Item 3 (I know it’s out of sequence, please bear with me): Evaluating Individual Stocks

Just keep doing what you always do when you examine an individual company. At Chaikin, our recommended approach is discussed here.

Item 2: Screening

There is no single correct way to screen based on the above-discussed ideas regarding desirable stocks (in fact, there’s never a single correct way to screen for anything). 

There are many good stocks to match any goal and its ok if you find A, D, E, F and Q while I find C, D, F, R, and W. Back when I used to do screening presentations to investment groups, one of my slides said “Thou shalt not covet thy neighbor’s stocks.” If your stocks are working, be happy and keep doing what you do. If your neighbor is also doing well with different stocks, both of you be happy and congratulate each other. Just don’t get hung up on replicating anybody’s specific set of rules. Use the screens suggested here (al built using the Chaikin Analytics screener) a template you can copy completely or subject to your own fine tuning, or use as a springboard for coming up with your own variations.

Marc Chaikin’s screening rules:

  • Universe is S&P 500
  • Long-Term Debt to Equity Power Gauge factor ranked Bullish or better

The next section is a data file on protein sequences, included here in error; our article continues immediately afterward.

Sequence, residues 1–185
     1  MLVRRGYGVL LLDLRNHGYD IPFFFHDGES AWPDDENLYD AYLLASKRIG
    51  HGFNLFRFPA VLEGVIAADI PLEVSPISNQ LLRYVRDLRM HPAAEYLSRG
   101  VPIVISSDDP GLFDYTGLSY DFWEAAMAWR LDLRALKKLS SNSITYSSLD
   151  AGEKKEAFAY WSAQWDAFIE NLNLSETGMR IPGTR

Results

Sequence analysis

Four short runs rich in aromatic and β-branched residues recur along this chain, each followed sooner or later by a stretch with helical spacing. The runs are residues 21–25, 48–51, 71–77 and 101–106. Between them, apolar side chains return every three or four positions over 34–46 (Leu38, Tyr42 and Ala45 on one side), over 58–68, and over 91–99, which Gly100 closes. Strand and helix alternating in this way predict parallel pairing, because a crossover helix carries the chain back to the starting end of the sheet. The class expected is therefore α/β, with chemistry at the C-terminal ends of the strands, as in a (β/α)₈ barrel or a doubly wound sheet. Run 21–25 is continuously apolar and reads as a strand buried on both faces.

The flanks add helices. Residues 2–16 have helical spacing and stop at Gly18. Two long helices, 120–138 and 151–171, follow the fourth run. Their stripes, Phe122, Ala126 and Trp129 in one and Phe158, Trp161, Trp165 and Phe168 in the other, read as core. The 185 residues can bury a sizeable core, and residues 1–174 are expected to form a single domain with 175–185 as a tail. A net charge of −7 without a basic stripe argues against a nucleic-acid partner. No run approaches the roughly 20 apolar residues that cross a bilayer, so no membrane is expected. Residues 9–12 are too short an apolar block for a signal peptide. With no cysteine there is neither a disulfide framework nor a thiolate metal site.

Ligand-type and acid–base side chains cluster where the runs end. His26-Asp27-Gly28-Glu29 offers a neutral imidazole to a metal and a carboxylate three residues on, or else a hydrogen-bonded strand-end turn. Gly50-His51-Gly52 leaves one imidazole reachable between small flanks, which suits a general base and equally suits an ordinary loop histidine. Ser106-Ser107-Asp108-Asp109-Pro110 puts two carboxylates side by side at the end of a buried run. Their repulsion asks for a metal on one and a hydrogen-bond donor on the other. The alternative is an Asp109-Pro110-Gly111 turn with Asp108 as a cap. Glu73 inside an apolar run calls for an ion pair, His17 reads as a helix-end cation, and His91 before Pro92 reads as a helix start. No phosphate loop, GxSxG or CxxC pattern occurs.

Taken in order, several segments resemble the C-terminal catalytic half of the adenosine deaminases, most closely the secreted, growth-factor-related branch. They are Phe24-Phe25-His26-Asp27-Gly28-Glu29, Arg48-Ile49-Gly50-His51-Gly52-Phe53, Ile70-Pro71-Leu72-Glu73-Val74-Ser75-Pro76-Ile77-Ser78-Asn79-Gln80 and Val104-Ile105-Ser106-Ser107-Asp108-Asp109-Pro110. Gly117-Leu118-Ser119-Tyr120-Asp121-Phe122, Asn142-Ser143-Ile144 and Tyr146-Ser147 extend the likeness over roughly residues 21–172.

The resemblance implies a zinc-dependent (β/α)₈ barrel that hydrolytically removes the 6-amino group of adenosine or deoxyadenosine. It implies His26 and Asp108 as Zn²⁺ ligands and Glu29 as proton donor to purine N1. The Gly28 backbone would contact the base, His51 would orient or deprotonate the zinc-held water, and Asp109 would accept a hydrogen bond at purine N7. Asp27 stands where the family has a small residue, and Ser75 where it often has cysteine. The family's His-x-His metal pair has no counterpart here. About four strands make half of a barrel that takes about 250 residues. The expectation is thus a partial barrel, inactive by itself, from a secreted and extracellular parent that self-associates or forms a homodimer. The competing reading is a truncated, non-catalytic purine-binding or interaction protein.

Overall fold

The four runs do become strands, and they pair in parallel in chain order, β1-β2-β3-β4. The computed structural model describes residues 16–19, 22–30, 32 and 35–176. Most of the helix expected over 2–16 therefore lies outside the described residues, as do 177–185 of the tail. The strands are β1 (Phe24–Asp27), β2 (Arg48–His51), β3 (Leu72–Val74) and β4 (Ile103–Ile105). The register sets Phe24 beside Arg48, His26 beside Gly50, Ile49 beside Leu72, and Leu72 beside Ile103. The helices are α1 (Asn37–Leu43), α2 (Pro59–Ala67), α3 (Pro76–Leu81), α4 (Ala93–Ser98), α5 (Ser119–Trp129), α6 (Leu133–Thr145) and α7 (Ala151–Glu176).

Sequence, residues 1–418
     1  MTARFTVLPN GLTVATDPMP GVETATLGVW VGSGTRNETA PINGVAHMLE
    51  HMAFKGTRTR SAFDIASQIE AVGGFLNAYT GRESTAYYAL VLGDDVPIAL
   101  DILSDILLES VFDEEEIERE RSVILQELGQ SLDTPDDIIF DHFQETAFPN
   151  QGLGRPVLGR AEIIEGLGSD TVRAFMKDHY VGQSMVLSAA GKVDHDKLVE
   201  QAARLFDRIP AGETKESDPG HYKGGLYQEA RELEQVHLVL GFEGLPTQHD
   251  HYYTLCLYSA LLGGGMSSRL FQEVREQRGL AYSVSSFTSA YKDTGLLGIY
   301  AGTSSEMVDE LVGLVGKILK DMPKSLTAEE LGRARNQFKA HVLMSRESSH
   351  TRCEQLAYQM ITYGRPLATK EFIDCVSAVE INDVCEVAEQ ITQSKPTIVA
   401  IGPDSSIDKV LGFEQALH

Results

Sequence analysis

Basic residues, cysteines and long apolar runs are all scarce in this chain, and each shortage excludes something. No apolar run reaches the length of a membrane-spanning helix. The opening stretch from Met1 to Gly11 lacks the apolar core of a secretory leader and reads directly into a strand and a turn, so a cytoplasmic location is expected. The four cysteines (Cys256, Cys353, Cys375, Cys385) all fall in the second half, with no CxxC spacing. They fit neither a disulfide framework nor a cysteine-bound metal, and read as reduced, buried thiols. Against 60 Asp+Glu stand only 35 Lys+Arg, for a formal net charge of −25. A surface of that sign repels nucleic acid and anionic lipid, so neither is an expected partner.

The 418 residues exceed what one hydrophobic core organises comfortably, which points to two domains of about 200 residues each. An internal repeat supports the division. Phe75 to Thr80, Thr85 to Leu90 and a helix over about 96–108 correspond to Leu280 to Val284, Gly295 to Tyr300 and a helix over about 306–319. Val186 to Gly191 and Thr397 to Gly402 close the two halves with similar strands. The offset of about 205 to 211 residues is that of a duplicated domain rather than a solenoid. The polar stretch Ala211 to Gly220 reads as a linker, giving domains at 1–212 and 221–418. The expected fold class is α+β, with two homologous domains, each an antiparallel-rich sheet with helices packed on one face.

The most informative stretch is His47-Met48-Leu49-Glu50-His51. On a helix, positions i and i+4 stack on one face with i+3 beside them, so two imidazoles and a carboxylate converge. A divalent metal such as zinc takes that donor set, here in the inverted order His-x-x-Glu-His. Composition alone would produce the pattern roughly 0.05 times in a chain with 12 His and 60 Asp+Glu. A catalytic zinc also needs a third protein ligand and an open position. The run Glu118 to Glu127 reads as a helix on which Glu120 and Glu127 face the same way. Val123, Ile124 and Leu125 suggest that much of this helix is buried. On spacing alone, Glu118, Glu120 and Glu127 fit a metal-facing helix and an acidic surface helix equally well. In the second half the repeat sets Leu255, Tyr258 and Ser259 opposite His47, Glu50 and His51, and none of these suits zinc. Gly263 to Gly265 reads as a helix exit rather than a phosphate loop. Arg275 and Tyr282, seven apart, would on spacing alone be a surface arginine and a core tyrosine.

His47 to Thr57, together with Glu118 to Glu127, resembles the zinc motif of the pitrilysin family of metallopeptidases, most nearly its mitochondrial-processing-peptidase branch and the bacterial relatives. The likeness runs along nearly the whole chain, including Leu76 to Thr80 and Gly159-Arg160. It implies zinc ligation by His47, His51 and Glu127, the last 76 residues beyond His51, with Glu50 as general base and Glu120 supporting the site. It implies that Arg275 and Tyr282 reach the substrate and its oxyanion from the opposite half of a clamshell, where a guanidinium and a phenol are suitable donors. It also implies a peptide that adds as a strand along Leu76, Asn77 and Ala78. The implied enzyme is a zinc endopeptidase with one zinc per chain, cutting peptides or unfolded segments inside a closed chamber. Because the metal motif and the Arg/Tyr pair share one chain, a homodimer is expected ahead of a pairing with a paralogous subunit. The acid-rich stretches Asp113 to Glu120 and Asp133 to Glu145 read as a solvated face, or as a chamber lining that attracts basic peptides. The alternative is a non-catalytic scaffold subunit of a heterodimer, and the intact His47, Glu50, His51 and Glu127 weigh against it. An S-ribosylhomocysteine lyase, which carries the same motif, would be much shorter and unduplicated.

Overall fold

• Earnings Growth Power Gauge factor ranked Bullish or better
  • Industry Group Strength Power Gauge factor ranked Bullish or better

Dan Russo’s screening rules:

  • Universe is Russell 3000
  • Overall Power Gauge rank is Neutral +, Bullish, or Very Bullish
  • Long-Term Debt to Equity Power Gauge factor ranked Bullish or better
  • Free Cash Flow Power Gauge factor ranked Bullish or better
  • Chaikin Money Flow indicator is Strong
  • Chaikin Relative Strength indicator is Strong
  • Minimum Stock Price is $10

My screening rules:

  • Universe is Russell 3000
  • Overall Power Gauge rank is Neutral +, Bullish, or Very Bullish
  • Long-Term Debt to Equity Power Gauge factor ranked Very Bullish
  • Return on Equity Power Gauge factor ranked Bullish
  • Earnings Consistency Power Gauge factor ranked Bullish
  • Return vs. SPY in latest month is up 2% or more (Note: It’s OK if stock is down, as most are. I’m lookin for stock return compared to SPY return).
  • Chaikin Money Flow indicator is Strong
  • Chaikin Relative Strength indicator is Strong

Stock Ideas

Stocks that passed the screens created by Marc and Dan can be seen by Chaikin Analytics subscribers here and here respectively.

The stocks that passed my screen are:

  • Arena Pharmaceuticals (ARNA) – Biotechnology
  • Bio-Rad Laboratories (BIO) – Life Sciences Tools and Services
  • Diodes Inc. (DIOD) – Semiconductors
  • eGain Corp. (EGAN) – Software
  • Fabrinet (FN) – Electronic Equipment
  • Interactive Brokers (IBKR) 
  • Incyte Corp. (INCY) – Biotechnology
  • Masimo Corp. (MASI) – Health Care Equipment
  • Synopsys (SNPS) – Software